The former pop singer’s eyes filled with tears. She nodded. Morgan reached around her neck and untied the bandana.
Kristine bit down on his wrist. He screamed. In the moments of confusion, she freed her arms from the poorly tied ropes that bound her. Before Morgan knew what was happening, Kristine had dropped him with a roundhouse kick. She picked him up from the ground, threw him into the chair, and tied him with the now slack ropes that had fallen to the floor.
Morgan looked at me. “This is your fault!” he said. “All that time you spent on your plan? You should have spent learning how to tie a freaking knot.” He struggled against the cords and cursed. “Even she can tie better than you.”
Kristine moved around to the back of my chair and untied me.
With my newly freed hands, I reached up and removed the expensive silk gag from my mouth and then stood and yanked the red and green ski cap off Morgan's head.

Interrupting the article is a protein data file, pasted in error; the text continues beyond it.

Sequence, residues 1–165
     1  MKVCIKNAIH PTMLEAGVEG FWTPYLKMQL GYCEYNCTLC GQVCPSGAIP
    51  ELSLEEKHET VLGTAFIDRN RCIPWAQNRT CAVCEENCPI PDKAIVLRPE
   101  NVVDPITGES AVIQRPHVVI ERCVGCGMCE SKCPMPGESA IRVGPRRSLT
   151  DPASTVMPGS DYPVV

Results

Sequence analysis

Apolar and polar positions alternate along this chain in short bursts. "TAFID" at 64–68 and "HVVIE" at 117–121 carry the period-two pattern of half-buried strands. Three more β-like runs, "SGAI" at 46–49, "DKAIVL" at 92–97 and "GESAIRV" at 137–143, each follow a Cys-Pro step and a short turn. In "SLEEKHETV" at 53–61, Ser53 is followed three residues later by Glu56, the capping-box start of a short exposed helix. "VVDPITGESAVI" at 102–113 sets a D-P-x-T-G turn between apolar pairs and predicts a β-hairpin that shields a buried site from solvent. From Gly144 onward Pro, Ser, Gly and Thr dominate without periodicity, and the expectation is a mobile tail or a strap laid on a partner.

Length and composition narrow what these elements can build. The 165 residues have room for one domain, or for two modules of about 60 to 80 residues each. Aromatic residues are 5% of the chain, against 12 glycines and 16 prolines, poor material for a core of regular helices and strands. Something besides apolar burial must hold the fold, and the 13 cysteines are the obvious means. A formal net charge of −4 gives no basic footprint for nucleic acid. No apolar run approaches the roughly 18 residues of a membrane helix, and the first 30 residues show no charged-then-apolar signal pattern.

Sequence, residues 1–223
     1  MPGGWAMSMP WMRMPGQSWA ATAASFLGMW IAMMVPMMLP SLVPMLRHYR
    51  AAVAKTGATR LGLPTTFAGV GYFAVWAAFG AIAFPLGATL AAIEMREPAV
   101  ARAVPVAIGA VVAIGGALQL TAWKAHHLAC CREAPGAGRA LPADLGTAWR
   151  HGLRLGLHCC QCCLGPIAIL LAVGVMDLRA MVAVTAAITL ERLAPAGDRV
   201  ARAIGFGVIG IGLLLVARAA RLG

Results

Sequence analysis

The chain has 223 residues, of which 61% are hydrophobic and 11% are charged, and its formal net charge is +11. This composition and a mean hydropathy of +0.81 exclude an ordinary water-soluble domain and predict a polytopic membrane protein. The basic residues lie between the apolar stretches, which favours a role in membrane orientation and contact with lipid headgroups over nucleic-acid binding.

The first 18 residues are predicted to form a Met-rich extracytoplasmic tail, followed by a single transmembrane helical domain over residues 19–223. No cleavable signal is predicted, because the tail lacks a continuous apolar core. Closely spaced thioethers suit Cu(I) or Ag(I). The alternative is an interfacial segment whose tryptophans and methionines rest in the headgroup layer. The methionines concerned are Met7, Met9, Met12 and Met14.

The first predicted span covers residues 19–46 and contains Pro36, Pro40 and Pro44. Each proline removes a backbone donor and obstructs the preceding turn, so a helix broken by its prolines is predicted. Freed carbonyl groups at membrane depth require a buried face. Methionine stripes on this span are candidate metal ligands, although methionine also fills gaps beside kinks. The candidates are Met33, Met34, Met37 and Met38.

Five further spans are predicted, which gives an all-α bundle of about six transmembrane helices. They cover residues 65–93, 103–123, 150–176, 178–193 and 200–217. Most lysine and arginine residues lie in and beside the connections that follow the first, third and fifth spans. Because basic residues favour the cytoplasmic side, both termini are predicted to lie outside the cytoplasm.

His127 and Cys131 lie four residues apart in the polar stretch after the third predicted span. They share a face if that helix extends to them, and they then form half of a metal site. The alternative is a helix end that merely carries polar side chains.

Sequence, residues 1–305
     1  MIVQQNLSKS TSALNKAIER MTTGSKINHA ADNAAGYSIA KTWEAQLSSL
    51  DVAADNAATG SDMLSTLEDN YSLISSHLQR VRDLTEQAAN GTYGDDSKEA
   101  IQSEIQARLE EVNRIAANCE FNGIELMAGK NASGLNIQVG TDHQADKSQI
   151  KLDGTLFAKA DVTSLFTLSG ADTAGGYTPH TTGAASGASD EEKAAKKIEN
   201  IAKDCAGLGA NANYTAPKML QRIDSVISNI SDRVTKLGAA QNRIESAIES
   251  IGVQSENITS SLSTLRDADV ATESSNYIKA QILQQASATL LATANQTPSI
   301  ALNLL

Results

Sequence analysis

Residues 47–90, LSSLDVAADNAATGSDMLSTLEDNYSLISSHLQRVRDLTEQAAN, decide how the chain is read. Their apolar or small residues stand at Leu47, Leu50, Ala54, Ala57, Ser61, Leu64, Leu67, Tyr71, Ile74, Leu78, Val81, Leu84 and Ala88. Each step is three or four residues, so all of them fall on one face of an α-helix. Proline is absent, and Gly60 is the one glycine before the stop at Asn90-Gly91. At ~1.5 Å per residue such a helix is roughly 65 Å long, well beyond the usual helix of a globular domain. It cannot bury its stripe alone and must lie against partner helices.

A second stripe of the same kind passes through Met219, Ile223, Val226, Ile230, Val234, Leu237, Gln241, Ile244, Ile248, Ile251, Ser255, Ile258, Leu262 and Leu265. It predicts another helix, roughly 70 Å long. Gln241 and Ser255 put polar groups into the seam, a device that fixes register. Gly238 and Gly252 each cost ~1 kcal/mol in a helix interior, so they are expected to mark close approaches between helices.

“Go,” Kristine said to me. “You don’t want to be here when the police arrive.”
“What the—?” Morgan didn’t finish his sentence. I stuffed the silk scarf into his mouth and walked out the front door, pausing only to move a postage-paid package Kristine had addressed to herself from the dining room table to the mailbox out front.
Twenty-Four Hours Earlier…
Kristine Chamberlain answered the door in a gray sweatshirt with the neck cut out, faded 501 jeans, and well-worn Gucci loafers that, when new, cost more than I’d paid for my used car. Her soft blond hair was tied back with a black ribbon, and unbound tendrils had curled around her heart-shaped face. Bright red lipstick defined the pouty lips that had become famous on her first album cover in 1981.
“Hi, Kristine, my name is Ginger. You don’t know me, but I know you. I’ve been watching your house for the past two weeks. My soon-to-be ex-husband is going to rob you tomorrow night. You can certainly call the police, but I have a hunch you’re a lot like me. And if you’re willing to hear me out, I have an idea that might work well for both of us.”
She gave me five minutes. That was all it took to sell her on my plan for her to mail a certain necklace to herself—removing it from the premises while the robbery and investigation took place--and to let me walk out of there with my freedom before the police arrived.
My entire plan boiled down to one indisputable fact: maybe Morgan and I were nothing alike, but Kristine and I were cut from the same cloth.